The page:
Thursday, July 21, 2011

I could have given daily updates

I visit a lot of blogs, although lately I simply haven't had that luxury. A couple blogs I visit provide daily updates of whatever they (the artists) are working on at that time. It's a good way for people to know specific steps in a technique and it keeps the daily updates brief. However, if you are like me, you wait until the technique has been completed, then show it from the beginning. That's why I seldom offer daily updates on my art.


Over the course of four days, I rusted some fabric. I laid out a piece of muslin that had NOT been pre-washed or treated in any way. With all the sizing still in the muslin, I wanted to see how that would affect the final outcome.


I grabbed a bunch of rusty can lids and laid out three in a row. I flipped the fabric onto itself, creating a fabric, rusty lid, then fabric sandwich, and laid three more lids in the next layer. I kept doing this until I ran out of fabric, at which point I folded the fabric in thirds. Please note the one glove I removed to take the photo. I can't state this often enough: don't let rust get on your skin or in your blood. PERIOD!


Now it was time to capture all that rust onto the fabric. I soaked the dry and previously unwashed fabric in vinegar water, then placed it in a plastic bag.


The green from the bag indicates the Dollar Tree insignia. You can also see the saturated fabric through the plastic bag. It is now ready to sit in the Kansas heat for several days.


Add ImageOnce the fabric was unwrapped (again protecting my hands with gloves), I rinsed it three times in baking soda water. When the fabric was dry, it was safe to handle. I suggest if you conduct an internet search for rusting fabric and the information does NOT include wearing protective gloves, that you follow the tutorial with the precautions I have laid out every time I rust fabric or fibers.


What I love about this fabric is some of it stayed completely white, unaffected by the rusting. I believe those white areas are prevalent because I didn't pre-wash the fabric and didn't wet it before I added the rusty lids. Any fabric not protected from, or covered by, the rust took on a beige-y color. I am now anxious to turn this fabric into an art quiltlet or two. Look for more rust dyeing in the near future, too.

18 thoughtful remarks:

Halle said...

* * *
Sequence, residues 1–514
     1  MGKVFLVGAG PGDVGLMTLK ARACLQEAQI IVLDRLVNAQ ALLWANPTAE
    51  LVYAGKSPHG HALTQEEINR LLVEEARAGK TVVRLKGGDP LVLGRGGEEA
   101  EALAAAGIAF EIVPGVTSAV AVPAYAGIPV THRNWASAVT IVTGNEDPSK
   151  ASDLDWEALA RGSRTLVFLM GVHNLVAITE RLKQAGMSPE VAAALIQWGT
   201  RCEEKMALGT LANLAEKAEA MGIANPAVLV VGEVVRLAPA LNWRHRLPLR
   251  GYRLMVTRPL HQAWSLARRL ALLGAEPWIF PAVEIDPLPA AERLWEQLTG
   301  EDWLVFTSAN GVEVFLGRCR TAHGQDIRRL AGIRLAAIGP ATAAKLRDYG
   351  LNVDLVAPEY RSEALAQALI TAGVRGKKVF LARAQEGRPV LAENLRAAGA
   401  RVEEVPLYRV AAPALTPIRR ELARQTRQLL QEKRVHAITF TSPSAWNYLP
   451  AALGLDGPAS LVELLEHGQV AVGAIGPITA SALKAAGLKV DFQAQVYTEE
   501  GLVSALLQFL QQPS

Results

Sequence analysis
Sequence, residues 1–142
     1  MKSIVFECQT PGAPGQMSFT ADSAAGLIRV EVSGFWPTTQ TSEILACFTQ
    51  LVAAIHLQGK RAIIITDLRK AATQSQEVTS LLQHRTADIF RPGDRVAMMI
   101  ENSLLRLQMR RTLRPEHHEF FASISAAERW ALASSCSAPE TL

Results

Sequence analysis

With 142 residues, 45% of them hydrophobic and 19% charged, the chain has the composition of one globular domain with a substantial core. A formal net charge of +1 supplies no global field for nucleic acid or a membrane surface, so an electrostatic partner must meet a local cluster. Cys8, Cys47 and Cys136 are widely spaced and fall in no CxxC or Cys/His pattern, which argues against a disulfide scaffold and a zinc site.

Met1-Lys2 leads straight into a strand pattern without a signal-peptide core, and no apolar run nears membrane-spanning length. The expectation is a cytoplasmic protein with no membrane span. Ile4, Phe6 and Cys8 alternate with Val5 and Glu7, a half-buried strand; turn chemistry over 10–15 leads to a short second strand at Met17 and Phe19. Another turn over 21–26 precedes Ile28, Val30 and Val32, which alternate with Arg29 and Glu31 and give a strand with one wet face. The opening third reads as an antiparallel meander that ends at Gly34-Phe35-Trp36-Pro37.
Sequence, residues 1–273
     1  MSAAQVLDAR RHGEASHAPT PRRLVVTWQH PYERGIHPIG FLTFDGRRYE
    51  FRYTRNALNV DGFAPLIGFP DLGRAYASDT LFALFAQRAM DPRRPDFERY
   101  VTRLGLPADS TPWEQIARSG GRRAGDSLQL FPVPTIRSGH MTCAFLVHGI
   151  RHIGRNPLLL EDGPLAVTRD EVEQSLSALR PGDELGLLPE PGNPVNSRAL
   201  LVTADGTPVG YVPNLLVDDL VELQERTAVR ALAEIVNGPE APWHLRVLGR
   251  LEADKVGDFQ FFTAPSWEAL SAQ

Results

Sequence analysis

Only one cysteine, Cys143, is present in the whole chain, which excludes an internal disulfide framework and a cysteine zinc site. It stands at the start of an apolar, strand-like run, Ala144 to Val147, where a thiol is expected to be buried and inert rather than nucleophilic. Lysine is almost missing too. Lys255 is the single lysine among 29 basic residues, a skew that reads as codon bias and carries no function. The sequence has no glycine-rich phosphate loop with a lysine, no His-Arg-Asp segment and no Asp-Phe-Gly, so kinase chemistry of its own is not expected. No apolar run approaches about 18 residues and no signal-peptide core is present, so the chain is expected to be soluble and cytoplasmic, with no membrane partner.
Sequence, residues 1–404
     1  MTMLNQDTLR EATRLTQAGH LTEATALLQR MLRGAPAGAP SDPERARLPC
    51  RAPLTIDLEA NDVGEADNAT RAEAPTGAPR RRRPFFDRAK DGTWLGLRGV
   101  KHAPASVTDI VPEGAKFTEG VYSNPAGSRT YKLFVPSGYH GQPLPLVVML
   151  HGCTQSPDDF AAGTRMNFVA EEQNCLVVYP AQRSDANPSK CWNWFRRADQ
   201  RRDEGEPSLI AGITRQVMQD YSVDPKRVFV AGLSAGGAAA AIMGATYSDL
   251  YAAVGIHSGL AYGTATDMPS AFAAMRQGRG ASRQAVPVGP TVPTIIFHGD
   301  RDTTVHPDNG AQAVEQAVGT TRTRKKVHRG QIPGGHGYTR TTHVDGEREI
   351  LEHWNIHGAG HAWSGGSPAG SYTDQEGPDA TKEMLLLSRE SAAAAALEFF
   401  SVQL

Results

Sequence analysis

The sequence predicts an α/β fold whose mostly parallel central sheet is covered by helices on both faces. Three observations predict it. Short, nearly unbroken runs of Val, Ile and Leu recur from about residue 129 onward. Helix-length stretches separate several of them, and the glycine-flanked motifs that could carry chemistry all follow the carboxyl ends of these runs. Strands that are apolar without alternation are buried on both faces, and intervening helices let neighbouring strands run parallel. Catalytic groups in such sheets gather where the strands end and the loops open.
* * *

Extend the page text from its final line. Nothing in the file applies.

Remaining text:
Love the rusty circles! They really look awesome!!

Stephanie Mealor Corder said...

Hooray- more quiltlets!!! I can't wait to see what you do with this gorgeous fabric- I LOVE the spiral patterns you ended up with!

Laura Tringali Holmes said...

I love the pattern, and it's not at all what I envisioned. I was thinking the rust color would migrate and you'd get drip streaks--sort of the tie-dye principle. Thanks for focusing on the safety. Good to be mindful. May I ask about your vinegar-water and baking-soda water proportions? About 50/50?

elle said...

I kinda likw the way you post everything at once, Elizabeth. Those circles are so Cool!

Terri Kahrs said...

Your results are AWEsome, Elizabeth! Can't wait to see the evolution (or should I say elevation) of this stunning fabric into one of your art creations! I guess all of that Kansas heat is good for art projects!!! Hugs, Terri xoxo

Lynn said...

Very creative, looks like a piece of art already, I love the circles.

Nancy said...

Great results with this! Look forward to seeing what you create with it.

voodoo vixen said...

Oh my Elizabeth... love the effect you got from your rusty tin lids on that... if you used a section with two rusty circles it would make an awesome steampunk piece... those circles look like the goggles you see in steam punk fashion!! Some watch parts... a corsetted lady... voila!!

Jingle said...

What wonderful results!!! Very cool!

NEEDLEWINGS said...

Never thought about using can lids! Love the effect!

Patti said...

Thanks so much for sharing this - I love how it turned out!!! I'm also grateful for your visit... I don't post as often as I'd like for sure - I appreciate you!

Marilyn Rock said...

Oh; how I love those rusted circles!!!!! Thank you! xxoo Hope you're staying cool! Our area is now officially part of the country's heat wave. Thank God for air conditioning! Our city is setting up "cool shelters" for people that need it! My heart goes out to them. xxoo

Jo Murray said...

Great tips... thanks for that.

rivergardenstudio said...

I love what you have done with this fabric!!! What an incredible project. roxanne

Dandelion and Daisy said...

Ya' know what...sunshine is a KEY ingredient! I have been trying since Sunday to rust some lace and fabric....we've had nothing but clouds, it is not working. I'll try again, the sun really does shine in Oregon...just not much this year! How about metal, Elizabeth, do you use the same methods?

see you there! said...

I just have to get going and get rusty! The circles are great.

Darla

~*~Patty S said...

wonderful results from your rusty lids...great fun to see your process E!
oxo

~*~Patty S said...

hello again dear E
just had to tell you ... as I was opening a can of sliced beets yesterday I thought ooohhh I need to keep the lid and smoosh the tin and start a new rusty collection...thank YOU very much LOL
oxo